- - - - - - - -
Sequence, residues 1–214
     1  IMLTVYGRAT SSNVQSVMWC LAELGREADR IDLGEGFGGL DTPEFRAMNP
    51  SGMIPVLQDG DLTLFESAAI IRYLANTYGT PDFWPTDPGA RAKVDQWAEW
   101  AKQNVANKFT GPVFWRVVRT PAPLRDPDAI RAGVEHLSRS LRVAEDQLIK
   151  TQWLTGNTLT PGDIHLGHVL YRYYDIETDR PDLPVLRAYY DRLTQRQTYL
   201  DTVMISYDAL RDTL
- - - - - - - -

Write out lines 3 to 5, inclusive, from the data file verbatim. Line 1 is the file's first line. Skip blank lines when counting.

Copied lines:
    51  SGMIPVLQDG DLTLFESAAI IRYLANTYGT PDFWPTDPGA RAKVDQWAEW
   101  AKQNVANKFT GPVFWRVVRT PAPLRDPDAI RAGVEHLSRS LRVAEDQLIK
   151  TQWLTGNTLT PGDIHLGHVL YRYYDIETDR PDLPVLRAYY DRLTQRQTYL